Imperfect Serenity

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Tuesday, January 30, 2007


Originally uploaded by spcoon.
Here's a picture of the performance artists I described in yesterday's post. For more photos, go to this flickr page.

Monday, January 29, 2007

Peace March

For those of you who missed the ten seconds of television coverage that Saturday’s national peace march in Washington received, or for those who read the New York Times version, I’d like to give my own account. For starters, I wouldn’t say there were “tens of thousands” of marchers, as the papers reported. There were hundreds of thousands—300,000 according to the organizers. I have no idea how they figure that out, but I do know that 11 buses came just from our end of Philadelphia, 3 from our Quaker meeting alone. (For the 2000 Million Mom March, our meeting only sent 1 bus.) It was clear that we were not just turning out the usual crowd, as most of the recent peace marches have. This time there was a sense that the moment mattered, and ordinary people came: parents and children, grandparents who marched for civil rights and young veterans of the Iraq war, military families as well as your usual array of left-wing groups. It was a great event, well worth the hours on the bus.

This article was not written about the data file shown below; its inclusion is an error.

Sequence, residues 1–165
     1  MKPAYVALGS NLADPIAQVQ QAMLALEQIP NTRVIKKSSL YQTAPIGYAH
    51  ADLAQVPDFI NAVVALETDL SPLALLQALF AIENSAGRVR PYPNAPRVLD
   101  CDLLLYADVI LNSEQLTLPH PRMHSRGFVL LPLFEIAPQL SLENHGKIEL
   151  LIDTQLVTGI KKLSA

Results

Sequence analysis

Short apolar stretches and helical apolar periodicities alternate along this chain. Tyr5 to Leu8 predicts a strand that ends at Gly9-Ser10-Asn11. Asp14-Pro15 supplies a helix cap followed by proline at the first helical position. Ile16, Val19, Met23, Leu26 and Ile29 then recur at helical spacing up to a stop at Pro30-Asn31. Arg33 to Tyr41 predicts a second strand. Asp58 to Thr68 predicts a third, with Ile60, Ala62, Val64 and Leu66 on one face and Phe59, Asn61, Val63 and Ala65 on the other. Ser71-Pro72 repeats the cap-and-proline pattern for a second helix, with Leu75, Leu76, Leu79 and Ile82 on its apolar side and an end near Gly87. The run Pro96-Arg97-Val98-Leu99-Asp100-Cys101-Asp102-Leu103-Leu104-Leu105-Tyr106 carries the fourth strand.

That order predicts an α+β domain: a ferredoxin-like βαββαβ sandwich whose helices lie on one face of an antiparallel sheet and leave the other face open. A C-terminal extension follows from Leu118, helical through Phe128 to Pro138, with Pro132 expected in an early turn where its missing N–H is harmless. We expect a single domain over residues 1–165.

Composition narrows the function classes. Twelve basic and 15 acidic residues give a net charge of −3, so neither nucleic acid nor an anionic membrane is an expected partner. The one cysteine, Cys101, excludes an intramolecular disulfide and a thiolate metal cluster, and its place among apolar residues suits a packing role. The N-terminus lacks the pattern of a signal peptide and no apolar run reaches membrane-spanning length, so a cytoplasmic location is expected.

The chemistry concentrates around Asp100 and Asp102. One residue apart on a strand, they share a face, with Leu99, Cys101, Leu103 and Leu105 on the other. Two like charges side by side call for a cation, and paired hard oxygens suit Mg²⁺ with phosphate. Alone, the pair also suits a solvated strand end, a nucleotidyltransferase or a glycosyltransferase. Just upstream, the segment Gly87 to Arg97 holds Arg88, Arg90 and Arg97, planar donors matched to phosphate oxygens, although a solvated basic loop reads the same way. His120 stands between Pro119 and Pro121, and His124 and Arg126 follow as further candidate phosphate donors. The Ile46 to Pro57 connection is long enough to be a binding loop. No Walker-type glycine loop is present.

The most memorable part for me was a piece of street theatre by a group called There were three women standing stone still, each with her right hand over her heart, gripping a piece of red ribbon. The first was dressed in a business suite with pearls and dust on her shoulders. It took us a few minutes to realized she represented 9/11 victims. The second was wearing a military uniform, and the third was dressed as an Iraqi woman. A container of cards showed that 1 inch of ribbon represented 12 casualties. The 9/11 woman’s ribbon draped from her heart to the ground and extended out a few feet. The soldier’s ribbon extended a little further. The Iraqi woman, however, didn’t hold a simple inch-thick ribbon. She held a cloth at least a yard wide that draped so far in front of her and the other ribbons that we couldn’t see its end under the feet of the onlookers. At some point, my friend realized the women were triplets: exactly the same, except for their clothes, the size of their ribbons, and the casualty numbers written across their foreheads. It was very moving.